Driverless trucks have begun hauling freight this week down the I-45 between Dallas and Houston, marking the start of a two-year autonomous shipping pilot program that’s being called an industry first.
Although a safety driver will be on board during the initial testing period, the so-called “Class 8” big rigs will be driving themselves along the 500-mile trek between two of the nation’s largest cities.
The program is the result of a 3-way collaboration between autonomous vehicle developer Aurora, truck-maker Paccar and transportation and logistics giant FedEx.
“The speed and quality of progress we’re making with Aurora to develop self-driving trucks is impressive,” Paccar Chief Technology Officer John Rich said in a press release Wednesday (Sept 22) announcing the launch of the project. “This industry collaboration is an important step toward delivering these trucks at scale.”
As it stands, Paccar delivers hundreds of thousands of Class 8 trucks a year and FedEx delivers billions of packages annually, as consumer demand for fast-delivery of eCommerce purchases is reshaping the transportation industry.
Full Autonomy in Two Years
If all goes as planned, Aurora said that by the end of 2023, it would be able to haul loads autonomously between freight terminals without a safety driver.
“This is an exciting, industry-first collaboration that will work toward enhancing the logistics industry through safer, more efficient transportation of goods and we are pleased to collaborate with other industry leaders — Aurora and Paccar — on this endeavor,” Rebecca Yeung, vice president, advanced technology and innovation, FedEx Corporation, said in the statement.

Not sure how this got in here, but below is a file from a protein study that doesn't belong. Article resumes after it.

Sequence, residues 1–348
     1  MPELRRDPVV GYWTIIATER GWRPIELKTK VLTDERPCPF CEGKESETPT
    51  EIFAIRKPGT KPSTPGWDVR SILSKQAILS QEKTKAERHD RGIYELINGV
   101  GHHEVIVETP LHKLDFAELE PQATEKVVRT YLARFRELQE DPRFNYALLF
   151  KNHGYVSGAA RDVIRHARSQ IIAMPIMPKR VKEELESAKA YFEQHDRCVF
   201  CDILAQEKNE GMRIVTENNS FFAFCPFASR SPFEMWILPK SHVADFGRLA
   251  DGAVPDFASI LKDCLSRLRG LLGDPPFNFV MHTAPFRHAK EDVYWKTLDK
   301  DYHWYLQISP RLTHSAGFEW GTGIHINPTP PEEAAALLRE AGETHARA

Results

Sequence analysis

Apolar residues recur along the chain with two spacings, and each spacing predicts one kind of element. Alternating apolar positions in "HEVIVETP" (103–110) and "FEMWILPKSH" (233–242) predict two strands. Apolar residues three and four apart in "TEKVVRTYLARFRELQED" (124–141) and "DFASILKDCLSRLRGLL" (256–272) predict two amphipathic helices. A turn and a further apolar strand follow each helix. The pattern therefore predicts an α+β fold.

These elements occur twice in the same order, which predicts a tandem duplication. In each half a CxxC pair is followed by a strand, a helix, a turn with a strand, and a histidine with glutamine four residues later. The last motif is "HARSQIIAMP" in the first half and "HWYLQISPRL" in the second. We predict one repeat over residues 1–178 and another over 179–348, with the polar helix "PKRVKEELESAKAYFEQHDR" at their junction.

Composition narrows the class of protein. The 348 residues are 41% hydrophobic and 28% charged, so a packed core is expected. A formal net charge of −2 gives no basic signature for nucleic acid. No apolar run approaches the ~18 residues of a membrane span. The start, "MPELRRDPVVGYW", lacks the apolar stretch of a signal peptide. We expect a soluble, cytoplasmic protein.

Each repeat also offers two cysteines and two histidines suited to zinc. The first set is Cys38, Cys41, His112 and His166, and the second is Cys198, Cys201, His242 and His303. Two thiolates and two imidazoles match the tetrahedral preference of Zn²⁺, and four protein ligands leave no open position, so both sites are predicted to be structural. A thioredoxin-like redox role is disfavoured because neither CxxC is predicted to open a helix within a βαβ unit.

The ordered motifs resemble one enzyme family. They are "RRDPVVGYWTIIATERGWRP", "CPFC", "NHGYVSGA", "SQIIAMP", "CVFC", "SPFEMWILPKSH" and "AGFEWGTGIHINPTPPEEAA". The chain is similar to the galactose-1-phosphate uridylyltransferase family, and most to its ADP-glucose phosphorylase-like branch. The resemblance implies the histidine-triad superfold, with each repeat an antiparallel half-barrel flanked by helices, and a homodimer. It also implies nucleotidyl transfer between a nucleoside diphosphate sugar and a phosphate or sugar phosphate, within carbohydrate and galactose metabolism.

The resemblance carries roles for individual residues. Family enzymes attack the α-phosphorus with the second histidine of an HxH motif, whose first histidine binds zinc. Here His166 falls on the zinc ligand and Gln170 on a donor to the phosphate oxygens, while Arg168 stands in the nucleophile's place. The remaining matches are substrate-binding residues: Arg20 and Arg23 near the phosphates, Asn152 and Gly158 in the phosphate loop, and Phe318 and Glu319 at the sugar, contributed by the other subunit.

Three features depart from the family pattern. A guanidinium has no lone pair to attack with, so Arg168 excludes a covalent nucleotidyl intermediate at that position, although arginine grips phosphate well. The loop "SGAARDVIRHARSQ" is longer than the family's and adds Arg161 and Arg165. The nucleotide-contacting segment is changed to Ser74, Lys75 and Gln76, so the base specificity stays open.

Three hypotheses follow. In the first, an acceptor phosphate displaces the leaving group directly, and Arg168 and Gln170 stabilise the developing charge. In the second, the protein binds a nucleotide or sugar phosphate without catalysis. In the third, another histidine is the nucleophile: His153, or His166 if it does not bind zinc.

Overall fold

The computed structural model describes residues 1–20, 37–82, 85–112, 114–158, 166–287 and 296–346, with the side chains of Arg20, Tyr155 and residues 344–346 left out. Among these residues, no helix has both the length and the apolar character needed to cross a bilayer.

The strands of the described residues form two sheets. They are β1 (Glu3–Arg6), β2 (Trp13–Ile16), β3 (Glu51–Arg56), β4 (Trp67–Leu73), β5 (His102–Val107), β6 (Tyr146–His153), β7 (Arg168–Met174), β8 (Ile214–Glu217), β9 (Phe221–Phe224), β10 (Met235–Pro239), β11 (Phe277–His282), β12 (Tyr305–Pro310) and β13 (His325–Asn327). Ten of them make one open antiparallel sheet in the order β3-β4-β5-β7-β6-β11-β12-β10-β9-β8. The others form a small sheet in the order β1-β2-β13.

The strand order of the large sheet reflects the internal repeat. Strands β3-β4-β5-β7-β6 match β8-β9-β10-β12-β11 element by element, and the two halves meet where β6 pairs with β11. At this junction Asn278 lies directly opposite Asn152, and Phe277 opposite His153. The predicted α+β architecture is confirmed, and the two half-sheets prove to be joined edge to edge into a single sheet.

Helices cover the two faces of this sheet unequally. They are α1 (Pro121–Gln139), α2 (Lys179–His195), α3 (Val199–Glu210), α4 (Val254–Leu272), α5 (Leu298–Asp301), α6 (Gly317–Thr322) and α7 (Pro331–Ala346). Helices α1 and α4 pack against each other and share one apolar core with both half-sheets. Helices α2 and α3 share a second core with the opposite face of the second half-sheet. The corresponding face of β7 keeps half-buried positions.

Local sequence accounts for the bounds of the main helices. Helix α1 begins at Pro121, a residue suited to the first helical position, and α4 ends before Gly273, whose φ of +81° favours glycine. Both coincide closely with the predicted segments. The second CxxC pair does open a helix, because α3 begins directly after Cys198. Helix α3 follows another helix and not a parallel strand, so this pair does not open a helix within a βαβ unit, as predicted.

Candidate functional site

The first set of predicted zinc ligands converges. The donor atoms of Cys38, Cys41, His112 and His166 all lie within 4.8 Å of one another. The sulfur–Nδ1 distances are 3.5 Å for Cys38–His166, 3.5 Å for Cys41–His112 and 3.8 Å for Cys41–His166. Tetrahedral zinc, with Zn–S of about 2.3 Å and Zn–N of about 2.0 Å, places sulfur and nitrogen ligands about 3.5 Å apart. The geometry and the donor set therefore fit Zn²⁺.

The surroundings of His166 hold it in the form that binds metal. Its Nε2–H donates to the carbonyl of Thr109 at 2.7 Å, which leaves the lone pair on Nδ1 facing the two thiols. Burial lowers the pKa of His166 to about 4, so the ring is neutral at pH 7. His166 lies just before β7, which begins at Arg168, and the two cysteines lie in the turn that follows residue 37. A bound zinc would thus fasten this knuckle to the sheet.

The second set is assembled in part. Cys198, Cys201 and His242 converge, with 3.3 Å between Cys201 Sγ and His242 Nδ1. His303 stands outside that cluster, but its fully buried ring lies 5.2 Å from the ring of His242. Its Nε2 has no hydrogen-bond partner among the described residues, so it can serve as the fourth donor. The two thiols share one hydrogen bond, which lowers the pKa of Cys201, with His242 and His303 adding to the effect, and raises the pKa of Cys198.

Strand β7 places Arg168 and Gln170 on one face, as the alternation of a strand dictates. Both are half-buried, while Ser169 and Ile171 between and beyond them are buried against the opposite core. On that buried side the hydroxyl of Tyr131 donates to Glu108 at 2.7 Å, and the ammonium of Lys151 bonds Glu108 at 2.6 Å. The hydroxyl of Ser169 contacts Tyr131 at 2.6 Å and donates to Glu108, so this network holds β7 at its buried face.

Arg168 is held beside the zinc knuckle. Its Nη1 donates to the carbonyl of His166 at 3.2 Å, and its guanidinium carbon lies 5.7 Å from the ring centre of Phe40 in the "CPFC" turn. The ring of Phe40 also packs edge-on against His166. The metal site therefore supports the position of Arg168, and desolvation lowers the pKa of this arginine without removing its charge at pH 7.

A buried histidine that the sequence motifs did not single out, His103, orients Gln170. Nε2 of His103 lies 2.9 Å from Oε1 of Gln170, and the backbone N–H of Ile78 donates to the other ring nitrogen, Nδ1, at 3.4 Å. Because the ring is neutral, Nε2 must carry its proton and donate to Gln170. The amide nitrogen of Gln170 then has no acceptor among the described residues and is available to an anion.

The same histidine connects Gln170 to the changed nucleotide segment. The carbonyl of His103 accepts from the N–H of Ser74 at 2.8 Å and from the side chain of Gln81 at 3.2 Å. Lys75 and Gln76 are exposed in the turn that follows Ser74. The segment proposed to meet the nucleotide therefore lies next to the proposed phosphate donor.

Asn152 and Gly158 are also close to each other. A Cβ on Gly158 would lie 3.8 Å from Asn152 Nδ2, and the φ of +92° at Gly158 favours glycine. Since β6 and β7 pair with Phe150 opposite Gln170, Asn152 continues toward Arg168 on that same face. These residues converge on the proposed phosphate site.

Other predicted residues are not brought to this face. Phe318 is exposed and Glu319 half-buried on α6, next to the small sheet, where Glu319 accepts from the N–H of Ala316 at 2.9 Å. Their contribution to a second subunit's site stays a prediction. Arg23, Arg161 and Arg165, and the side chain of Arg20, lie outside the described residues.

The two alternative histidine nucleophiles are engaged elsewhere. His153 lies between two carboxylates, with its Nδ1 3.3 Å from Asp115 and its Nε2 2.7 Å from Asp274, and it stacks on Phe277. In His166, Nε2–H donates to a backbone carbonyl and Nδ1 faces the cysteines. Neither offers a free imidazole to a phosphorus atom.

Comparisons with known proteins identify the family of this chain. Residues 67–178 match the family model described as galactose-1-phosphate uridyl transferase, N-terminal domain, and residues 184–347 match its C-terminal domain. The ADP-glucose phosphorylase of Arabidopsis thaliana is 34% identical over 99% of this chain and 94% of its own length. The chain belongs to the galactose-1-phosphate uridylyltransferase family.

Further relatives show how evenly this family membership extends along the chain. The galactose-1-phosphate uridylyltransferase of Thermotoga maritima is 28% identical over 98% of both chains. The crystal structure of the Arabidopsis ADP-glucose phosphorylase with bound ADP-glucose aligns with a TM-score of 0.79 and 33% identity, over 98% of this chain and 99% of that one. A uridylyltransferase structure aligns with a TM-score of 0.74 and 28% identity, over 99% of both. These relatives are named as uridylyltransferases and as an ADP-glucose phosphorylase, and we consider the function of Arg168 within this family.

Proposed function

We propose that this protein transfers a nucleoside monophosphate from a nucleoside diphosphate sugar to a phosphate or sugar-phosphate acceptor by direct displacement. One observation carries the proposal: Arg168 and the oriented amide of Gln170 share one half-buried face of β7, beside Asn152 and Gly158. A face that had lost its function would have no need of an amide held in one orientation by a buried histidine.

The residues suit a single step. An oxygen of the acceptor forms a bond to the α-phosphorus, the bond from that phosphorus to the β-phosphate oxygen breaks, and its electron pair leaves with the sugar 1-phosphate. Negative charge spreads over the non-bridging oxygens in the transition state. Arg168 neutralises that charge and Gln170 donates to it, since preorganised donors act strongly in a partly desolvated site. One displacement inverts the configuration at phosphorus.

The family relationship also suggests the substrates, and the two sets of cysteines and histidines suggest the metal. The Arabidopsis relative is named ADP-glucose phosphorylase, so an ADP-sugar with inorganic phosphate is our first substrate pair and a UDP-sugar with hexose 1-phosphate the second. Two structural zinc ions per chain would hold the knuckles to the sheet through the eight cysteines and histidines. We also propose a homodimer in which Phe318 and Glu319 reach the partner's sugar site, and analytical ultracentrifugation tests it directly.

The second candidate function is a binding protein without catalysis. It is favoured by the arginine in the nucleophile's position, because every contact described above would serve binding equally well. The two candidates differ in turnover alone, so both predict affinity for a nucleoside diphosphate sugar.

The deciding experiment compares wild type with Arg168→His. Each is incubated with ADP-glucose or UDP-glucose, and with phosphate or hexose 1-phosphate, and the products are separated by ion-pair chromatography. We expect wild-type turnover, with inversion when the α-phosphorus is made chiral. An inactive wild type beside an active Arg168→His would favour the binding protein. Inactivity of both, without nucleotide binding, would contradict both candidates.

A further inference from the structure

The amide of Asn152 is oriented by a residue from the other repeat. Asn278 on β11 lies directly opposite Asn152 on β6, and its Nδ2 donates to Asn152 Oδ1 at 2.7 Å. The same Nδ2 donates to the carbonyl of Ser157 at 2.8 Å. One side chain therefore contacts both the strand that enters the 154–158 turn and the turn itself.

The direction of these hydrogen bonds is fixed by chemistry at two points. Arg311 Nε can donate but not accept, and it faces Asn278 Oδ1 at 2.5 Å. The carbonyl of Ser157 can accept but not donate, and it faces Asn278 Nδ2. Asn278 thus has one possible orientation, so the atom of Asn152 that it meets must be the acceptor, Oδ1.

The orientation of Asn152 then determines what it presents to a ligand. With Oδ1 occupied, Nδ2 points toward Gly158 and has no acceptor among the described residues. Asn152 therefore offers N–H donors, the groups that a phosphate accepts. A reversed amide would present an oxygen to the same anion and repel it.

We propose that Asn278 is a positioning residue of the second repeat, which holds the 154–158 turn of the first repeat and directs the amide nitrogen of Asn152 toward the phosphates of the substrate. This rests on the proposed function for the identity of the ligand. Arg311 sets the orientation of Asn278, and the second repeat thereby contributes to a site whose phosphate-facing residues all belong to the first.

FedEx’s incentive for supporting this autonomous trucking venture was made clear earlier this week as the Memphis-based transportations giant reported fiscal first-quarter earnings that included a $450 million charge due to increased labor and transportation costs.
The Bring-it-to-Me Economy
To be sure, this trio is not alone in trying to make the driverless dream a money-saving reality as numerous others are vying for a similar piece of the prize, solving different problems along the supply chain. Among them is a recent announcement that Ford, self-driving technology company Argo AI and Walmart are collaborating on plans for a driverless delivery fleet in Miami; Washington, D.C., and Austin, Texas.
There, the plan is that Walmart customers in parts of those cities will place orders online for groceries and other items for autonomous door-to-door delivery.
The demand for such deliveries is increasing with the growth of the bring-it-to-me economy. As PYMNTS reports in its study, The Bring-It-To-Me Economy, 94 percent of consumers have purchased from online marketplaces in the past year, and 31 percent of restaurant customers are more likely than they were in March 2020 to eat their food orders at home as opposed to in restaurants.
Whether it is final-mile deliveries, intrastate shipping or global freight liners plying the seas, a race is on to me the changing needs of consumers whose lifestyle and work habits have irreversibly changed during the pandemic’s shift to a digital-first economy.